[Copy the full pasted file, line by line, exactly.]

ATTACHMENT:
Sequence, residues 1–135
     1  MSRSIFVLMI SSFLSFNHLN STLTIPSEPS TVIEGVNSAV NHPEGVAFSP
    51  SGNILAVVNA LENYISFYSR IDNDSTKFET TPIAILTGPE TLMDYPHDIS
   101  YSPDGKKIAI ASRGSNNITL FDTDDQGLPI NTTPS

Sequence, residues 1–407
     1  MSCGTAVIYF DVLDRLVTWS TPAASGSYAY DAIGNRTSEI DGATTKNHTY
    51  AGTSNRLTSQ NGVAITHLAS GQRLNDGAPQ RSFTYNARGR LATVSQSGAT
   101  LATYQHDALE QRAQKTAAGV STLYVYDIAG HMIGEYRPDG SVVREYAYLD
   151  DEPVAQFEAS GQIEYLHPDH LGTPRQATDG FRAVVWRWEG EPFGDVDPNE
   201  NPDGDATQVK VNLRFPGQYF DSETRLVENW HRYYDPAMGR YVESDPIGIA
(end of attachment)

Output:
Sequence, residues 1–135
     1  MSRSIFVLMI SSFLSFNHLN STLTIPSEPS TVIEGVNSAV NHPEGVAFSP
    51  SGNILAVVNA LENYISFYSR IDNDSTKFET TPIAILTGPE TLMDYPHDIS
   101  YSPDGKKIAI ASRGSNNITL FDTDDQGLPI NTTPS

Sequence, residues 1–407
     1  MSCGTAVIYF DVLDRLVTWS TPAASGSYAY DAIGNRTSEI DGATTKNHTY
    51  AGTSNRLTSQ NGVAITHLAS GQRLNDGAPQ RSFTYNARGR LATVSQSGAT
   101  LATYQHDALE QRAQKTAAGV STLYVYDIAG HMIGEYRPDG SVVREYAYLD
   151  DEPVAQFEAS GQIEYLHPDH LGTPRQATDG FRAVVWRWEG EPFGDVDPNE
   201  NPDGDATQVK VNLRFPGQYF DSETRLVENW HRYYDPAMGR YVESDPIGIA